While the internet has made it faster for us to shop, it has also given rise to a major concern - the counterfeiting of successful brands. And the problem, which is costing businesses more than £3bn a year, is showing no signs of fading.
The Trading Standards Institute has reported a marked increase in copycat websites selling fake goods over the past year. These bogus sites copy the style of official branded versions, tricking customers into thinking they are buying genuine products by using an almost identical design and similar web address.
Consumer Direct, part of the Office for Fair Trading, noted a near-30 per cent increase in complaints relating to counterfeit items over the past year - more than 2,800 in August 2010 compared to around 1,950 the year before
Handley Brustad, the lead intellectual property (IP) officer at the Trading Standards Institute, says: "Counterfeiters are a major problem; they feed off the real brands and mirror the genuine site to pull you in. Anything that you can sell, you can now copy. As trade has moved from the physical market of the high street to the internet, these problems have just increased and increased."
Shipments of fake goods seized by the UK Border Agency rose sharply last year to the second highest level ever. A total of 3.7m products were stopped from entering the country, up from around 850,000 in 2000. And Trading Standards said that approximately one in nine goods that enter the UK are counterfeit.
Around one in nine goods that enter the UK are fake
A recent BBC Newsbeat investigation, Copycat websites drive up the rise in fake products, exposed the problem among some of the world's leading fashion brands including UGG boots and ghd hair straighteners.
Counterfeit clothing and footwear is costing legitimate retailers £3.5bn a year, according to the trade and enforcement organisation Alliance Against IP Theft.
Susie Winter, director general of the Alliance, says: "Consumers will be horrified to discover where their money is actually going - straight into the pockets of organised criminal gangs.
"Whilst some important steps to tackle this problem are being taken, more resources for trading standards are urgently needed, and markets must be better regulated. Consumers are being ripped off, and local shops and businesses are suffering."
Often, fakes are sold online at a price just below the genuine item to trick customers into thinking that they are getting a bargain rather than an obvious fake. Consumers are then left disappointed when the goods they receive do not measure up to the real thing. During the BBC investigation, one case study noted that hair straighteners arrived fitted with a foreign plug; another said that a pair bought online from what looked like a genuine website never turned up. Neither got their money back.
Mr Brustad acknowledges that "as an industry we must take steps to make sure these sites don't get to exist online. All search engines have a responsibility."
Fashionable boot brand UGG has been making significant efforts to stamp out the problem. Alistair Campbell, the brand manager of UGG UK, says: "We have seen a huge explosion in fake websites deliberately designed to deceive the consumer. It's a growing problem for us.
"Counterfeit goods cause considerable damage to our reputation. We are determined to take action to protect not just our rights but the rights of legitimate retailers and consumers. The internet is difficult to control and it's a constant battle. As soon as we are successful in taking down some counterfeit websites, there are others that pop up and we begin the whole procedure again."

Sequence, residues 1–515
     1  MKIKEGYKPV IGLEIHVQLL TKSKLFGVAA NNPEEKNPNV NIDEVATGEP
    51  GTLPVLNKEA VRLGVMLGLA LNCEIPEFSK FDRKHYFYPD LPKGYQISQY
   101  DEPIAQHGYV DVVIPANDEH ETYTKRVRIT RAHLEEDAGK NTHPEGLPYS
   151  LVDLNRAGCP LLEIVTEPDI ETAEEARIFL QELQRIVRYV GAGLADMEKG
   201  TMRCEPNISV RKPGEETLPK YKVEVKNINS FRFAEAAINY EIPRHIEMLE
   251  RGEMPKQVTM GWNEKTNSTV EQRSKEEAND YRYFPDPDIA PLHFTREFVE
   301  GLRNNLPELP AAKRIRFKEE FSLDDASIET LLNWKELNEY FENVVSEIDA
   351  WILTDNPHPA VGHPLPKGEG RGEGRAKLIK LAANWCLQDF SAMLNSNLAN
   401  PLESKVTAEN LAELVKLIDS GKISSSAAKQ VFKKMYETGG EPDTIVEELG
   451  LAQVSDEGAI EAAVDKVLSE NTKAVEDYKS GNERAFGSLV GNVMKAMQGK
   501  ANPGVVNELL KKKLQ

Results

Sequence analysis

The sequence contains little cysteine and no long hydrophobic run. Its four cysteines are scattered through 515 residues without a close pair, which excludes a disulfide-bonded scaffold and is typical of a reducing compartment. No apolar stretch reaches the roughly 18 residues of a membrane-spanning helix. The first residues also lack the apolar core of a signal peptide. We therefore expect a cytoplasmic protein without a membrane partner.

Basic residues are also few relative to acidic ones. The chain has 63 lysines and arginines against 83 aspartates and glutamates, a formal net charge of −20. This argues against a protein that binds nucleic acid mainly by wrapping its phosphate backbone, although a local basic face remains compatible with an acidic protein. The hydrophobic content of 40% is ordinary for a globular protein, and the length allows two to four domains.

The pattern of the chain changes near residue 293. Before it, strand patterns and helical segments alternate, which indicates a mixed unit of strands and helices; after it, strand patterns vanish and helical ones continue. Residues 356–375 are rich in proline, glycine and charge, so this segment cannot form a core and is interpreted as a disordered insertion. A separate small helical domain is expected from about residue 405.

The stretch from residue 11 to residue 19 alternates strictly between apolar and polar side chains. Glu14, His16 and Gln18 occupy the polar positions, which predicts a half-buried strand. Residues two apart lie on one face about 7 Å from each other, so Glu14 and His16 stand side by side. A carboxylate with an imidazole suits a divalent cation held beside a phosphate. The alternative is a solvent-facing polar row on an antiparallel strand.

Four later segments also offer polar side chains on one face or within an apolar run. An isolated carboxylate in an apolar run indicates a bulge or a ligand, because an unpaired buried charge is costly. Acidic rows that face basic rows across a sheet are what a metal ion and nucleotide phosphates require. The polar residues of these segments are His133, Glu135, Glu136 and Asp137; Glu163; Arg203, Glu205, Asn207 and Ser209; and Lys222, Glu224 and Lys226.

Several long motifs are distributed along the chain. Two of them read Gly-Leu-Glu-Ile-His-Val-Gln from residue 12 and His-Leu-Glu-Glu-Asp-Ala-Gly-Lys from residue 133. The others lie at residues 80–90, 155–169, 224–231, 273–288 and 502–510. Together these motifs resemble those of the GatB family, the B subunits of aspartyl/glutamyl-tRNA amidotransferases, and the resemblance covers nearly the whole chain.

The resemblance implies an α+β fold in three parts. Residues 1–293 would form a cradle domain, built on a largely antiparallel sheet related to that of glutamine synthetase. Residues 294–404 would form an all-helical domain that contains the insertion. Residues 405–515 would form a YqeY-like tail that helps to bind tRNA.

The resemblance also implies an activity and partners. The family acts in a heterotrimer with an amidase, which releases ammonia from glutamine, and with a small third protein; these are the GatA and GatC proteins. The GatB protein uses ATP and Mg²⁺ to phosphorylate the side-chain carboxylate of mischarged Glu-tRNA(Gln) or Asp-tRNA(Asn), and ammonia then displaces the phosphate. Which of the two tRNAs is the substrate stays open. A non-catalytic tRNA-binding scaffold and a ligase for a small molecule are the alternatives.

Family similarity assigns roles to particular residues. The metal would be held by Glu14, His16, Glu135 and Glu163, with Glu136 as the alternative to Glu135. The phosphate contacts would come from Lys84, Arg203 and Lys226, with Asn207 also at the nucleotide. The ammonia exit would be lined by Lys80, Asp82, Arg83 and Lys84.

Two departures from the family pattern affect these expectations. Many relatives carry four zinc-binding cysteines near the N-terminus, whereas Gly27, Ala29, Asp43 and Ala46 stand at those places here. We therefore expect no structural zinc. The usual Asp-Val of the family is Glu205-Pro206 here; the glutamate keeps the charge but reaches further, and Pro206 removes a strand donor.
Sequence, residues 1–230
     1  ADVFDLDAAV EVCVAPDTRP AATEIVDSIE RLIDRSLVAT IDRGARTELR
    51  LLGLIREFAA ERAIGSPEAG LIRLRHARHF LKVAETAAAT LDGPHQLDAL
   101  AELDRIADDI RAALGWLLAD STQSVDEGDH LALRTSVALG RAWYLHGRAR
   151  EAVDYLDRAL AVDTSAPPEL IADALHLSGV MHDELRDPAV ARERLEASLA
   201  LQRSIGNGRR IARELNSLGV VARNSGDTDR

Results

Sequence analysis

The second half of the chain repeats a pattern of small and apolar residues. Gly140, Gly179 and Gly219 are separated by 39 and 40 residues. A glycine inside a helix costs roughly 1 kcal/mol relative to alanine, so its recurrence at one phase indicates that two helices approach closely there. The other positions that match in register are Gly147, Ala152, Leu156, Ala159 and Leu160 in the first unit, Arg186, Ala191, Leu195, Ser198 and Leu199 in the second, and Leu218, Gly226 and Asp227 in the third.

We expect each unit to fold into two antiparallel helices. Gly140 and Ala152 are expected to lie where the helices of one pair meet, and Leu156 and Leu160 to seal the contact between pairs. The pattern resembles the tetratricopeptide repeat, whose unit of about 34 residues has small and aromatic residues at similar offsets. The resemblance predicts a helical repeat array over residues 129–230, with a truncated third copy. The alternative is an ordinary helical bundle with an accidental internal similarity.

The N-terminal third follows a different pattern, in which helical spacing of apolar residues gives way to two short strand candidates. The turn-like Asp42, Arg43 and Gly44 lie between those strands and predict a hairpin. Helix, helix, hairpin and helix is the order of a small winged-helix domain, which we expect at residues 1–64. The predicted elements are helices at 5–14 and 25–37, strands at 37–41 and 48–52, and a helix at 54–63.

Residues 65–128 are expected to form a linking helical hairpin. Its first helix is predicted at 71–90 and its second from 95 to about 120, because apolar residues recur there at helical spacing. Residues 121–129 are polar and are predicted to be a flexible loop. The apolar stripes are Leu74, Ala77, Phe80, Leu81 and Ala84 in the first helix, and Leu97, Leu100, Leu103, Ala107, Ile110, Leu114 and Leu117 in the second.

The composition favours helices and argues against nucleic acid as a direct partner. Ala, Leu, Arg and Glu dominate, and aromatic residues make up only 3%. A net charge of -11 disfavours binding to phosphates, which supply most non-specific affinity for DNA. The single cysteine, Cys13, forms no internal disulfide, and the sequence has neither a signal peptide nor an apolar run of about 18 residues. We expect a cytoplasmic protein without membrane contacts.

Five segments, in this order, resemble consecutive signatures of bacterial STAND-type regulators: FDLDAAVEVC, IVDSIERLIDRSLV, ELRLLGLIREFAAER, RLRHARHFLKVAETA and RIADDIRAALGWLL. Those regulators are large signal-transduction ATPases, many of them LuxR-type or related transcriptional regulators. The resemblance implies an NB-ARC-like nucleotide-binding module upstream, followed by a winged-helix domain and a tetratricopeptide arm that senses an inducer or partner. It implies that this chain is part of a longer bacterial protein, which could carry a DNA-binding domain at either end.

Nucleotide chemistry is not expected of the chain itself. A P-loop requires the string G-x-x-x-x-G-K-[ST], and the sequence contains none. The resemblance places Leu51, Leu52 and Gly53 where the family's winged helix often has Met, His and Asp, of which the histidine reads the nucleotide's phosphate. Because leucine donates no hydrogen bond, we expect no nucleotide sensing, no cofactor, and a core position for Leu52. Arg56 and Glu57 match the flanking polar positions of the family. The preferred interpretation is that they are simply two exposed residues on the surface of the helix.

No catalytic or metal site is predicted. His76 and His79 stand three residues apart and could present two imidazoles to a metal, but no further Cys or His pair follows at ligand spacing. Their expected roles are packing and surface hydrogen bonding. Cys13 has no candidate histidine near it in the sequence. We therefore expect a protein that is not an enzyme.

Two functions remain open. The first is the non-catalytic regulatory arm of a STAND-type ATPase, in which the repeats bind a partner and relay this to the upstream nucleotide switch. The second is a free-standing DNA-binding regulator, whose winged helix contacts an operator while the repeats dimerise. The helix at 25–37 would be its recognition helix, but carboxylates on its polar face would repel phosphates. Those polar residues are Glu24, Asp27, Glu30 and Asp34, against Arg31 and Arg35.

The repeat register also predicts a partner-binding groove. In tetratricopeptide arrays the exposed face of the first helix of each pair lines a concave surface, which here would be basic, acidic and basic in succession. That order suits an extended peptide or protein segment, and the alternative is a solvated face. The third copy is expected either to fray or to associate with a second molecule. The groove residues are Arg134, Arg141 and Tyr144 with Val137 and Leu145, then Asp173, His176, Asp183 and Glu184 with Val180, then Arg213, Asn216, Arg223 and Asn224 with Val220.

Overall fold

UGG have sent out "take down" letters to more than 3,000 websites in a month - most of which are based in the Far East. However, even with a dedicated team tracking counterfeiters, the company says it is impossible to monitor and remove all imitation sites.
Brands are now working with various internet service providers (ISPs) to close down these sites, in addition to the UK Border Control Agency, which intercepts fakes through customs.
How do you ensure you don't become a victim of online fraud? Be suspicious of deeply discounted prices. Buy online from authorised retailers with well known reputations or from websites which have been personally recommended to you.
Do not assume that if a site appears high up in a Google search, it is genuine. Fraudsters can use Google's advertising space or sponsored links to appear high up and therefore seem most relevant to your search. Check for reviews by other users to see whether anyone else has been stung by the seller before.
Watch out for poor English such as typos and grammar mistakes. It could mean the site is not genuine and was put together by someone abroad looking to make a quick profit.
Always look for websites that have a secure way of paying. Make sure that the web address of the page starts https:// before you enter any personal information or payment details. The 's' stands for 'secure'. There should also be a small padlock that appears in the bottom of your screen which means the site is safe.
Read the terms and conditions carefully, including those relating to getting a refund or disputing a product.
Under Section 75 of the Credit Consumer Act 1974, using a credit card instead of a debit card gives you more protection. It states that the credit card company is equally liable for any defects. Should a problem arise, you can claim from either the trader or credit-card company. In order for this protection to apply, the cost of your goods must come to £100 or more.
Retailers such as UGG and ghd have pages dedicated to anti-counterfeiting.